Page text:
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1

Define Comprehensiveness

citizens can be politically obligated with respect to a wide range of areas.
e.g., duty to obey drug laws

2

Significant content-independence

the duty to obey the laws of the state is not tied to the laws having a particular content, i.e., they don’t bind only if they have ‘correct’ content (relative to some independent standard, e.g., a moral standard).

There is a broad range of alternative possible laws that citizens could/would be obligated to obey

3

Unconditionalalists

Unconditionalists about political obligation claim that there is complete content-independence, i.e., no matter what the content of the laws, there is always some duty to obey

4

Particularity

Citizen's duty to obey the laws are owed only to the state that controls the territory

5

Generality

All or most citizens have a duty to obey the laws

6

Pro tanto

the ‘duty’ to obey the laws of the government can in some circumstances be overridden by other, e.g., moral, considerations. Nevertheless it is not easily overridden
Breaking the speed-limit to save someone’s life.

7

Moral Duty

The duty to obey the laws of the government is moral in nature.

e.g., the SEP on ‘Political Obligation’ claims that there is “almost complete agreement among political philosophers” on this point

8

Social Contract Theory

Social Contract Theorists argue that there are political obligations.

We have political obligations because, in some sense, we have agreed or consented to undertaking them

9

Hobbes: State of Nature

In ChXIII Hobbes introduces the State of Nature – human beings without a state or civil government.

For Hobbes, the State of Nature is a state of perpetual war.

10

Empirical Assumptions

According to Hobbes, individuals in the State of Nature are in a state of rough equality.
i.e., even though some people are a bit stronger or a bit smarter than others, they don’t have a decisive and secure natural advantage over time.
Due to this no-one is secure from invasion by others.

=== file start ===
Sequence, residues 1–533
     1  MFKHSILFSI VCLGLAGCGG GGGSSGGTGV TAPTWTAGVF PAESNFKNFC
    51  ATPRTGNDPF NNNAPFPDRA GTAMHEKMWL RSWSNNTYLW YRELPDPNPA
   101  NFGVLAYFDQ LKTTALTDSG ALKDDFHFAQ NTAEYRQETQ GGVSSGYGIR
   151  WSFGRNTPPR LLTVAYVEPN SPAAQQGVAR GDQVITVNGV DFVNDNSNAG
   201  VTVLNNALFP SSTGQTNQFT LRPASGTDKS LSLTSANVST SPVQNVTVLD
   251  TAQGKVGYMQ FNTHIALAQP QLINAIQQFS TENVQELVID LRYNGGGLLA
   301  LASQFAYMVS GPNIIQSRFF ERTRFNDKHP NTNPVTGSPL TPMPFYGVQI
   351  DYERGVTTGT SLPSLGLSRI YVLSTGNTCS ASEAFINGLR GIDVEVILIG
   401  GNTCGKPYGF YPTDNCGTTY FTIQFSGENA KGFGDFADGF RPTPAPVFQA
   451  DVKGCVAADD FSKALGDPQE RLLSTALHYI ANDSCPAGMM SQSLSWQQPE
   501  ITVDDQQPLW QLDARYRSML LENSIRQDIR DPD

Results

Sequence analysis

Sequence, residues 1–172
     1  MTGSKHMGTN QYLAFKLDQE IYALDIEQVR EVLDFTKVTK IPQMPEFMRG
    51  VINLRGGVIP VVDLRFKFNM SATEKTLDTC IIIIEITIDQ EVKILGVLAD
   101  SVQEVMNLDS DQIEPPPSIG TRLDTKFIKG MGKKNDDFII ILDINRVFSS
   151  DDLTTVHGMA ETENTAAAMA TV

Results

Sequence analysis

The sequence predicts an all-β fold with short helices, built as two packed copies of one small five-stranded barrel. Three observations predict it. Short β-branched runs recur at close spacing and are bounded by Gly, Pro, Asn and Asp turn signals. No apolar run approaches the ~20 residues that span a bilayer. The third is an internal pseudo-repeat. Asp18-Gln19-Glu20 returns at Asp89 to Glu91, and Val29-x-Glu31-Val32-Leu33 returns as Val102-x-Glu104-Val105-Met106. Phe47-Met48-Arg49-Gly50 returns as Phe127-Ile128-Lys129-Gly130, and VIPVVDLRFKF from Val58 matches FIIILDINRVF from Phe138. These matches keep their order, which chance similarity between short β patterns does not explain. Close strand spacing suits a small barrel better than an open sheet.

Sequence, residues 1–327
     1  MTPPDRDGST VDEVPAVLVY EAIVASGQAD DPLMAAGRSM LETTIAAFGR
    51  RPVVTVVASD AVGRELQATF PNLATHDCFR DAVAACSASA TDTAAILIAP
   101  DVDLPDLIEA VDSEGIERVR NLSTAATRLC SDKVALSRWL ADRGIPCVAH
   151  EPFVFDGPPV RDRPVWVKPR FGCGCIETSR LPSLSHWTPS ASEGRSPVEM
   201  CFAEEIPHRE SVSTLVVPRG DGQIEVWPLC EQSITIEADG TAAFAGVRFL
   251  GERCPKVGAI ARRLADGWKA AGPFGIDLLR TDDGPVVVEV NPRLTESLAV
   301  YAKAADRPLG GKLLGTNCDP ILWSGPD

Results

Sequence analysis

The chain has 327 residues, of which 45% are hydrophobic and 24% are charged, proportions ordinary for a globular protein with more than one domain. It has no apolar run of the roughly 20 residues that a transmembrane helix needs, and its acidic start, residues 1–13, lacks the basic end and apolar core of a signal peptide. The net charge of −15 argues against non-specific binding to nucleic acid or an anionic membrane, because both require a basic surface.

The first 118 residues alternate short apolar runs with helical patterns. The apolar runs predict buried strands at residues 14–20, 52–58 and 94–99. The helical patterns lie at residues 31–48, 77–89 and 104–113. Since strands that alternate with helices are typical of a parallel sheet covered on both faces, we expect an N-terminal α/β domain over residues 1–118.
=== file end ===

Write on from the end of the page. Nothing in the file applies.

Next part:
11

Hobbes on human nature. According to Hobbes, human beings are:

Are valuing beings – but our value judgments are simply expressions of or about our desires.
Are constantly in ‘motion’ - motivated by desires.
Have a fundamental desire/impulse to avoid death and to preserve themselves.
Seek the continual satisfaction of our desires: felicity

12

Hobbes on Power

We are in situation of scarce resources.
In order to attain Felicity (and to avoid death), we need Power.
Power is our present means to secure future goods, e.g., resources, riches, reputations, friends.
An individual’s Power, is however, relative to the power of others, e.g., my riches only count as genuine riches relative to how much others have...
Due to this, we need to be continually increasing our power

13

Hobbes: 3 general sources of conflict in the state of nature

1) Competition – people will fight for gain of resources.
2) Glory – people will invade others to gain reputation and inspire awe.
3) Diffidence – people will pre-emptively attack others or prepare for defence and safety
These are exacerbated by differences in value judgments

14

Diffidence

Everyone gets sucked into the Power struggle.
Hobbes does not think that human beings are naturally cruel.
The key point for Hobbes is that it is prudent to be diffident in the State of Nature.

15

Normative features of the State of Nature

The Rights and ‘Laws’ which exist in the State of Nature:
1) The Right to Self-Defence
2) The Right of Nature
3) The Laws of Nature

16

The Right of Self-Defence

We have an inalienable Right of Self-Defence.

-in a sense it is reasonable that we protect ourselves given our fundamental desire/impulsion to avoid death.
- no-one is obligated to do anything that tends to their destruction.
- I can never be rationally interpreted as agreeing to something that would tend to my destruction

17

The Right of Nature

The liberty to do anything, which in our judgment, is conducive to preserving our lives.
More or less anything, in principle, could be required for this, e.g., another person’s life, goods, resources...
Can be thought of as a Right of Self-Government, i.e., in the absence of other authority, you are entitled to rely upon your own judgment.

18

1) The Laws of Nature

In Ch XIV, Hobbes also introduces the Laws of Nature.
'theorems’ of reason based upon our fundamental desire/impulsion to self-preservation.
They pick out the implications of the desire to preserve ourselves – things we are rationally bound to do.
Given how awful the state of nature is, we are rationally bound to seek peace.

19

2) The Laws of Nature

The Fundamental Law of Nature: seek peace and follow it.

The Second Law of Nature: lay down your Right of Nature when others are too.

20

3)The Laws of Nature

Problem:
It’s all very well to say that you are rationally bound to seek peace, keep your agreements etc, but that doesn’t necessarily mean that you will follow the rule.
Indeed, in many cases, following a Law of Nature would be disastrous – and wouldn’t appear rational at all.

21

Fifth law of nature

Compleasance
This says that you should strive to be accommodating to other people’s desires/be cooperative.
However, in the State of Nature, following this could be catastrophic

22

In foro interno

Being obligated in foro interno (internally), you are only obligated to want the relevant thing to take place

23

In foro externo

Being obligated in foro externo (externally), i.e., you must perform the action

24

2) fifth law of nature example

R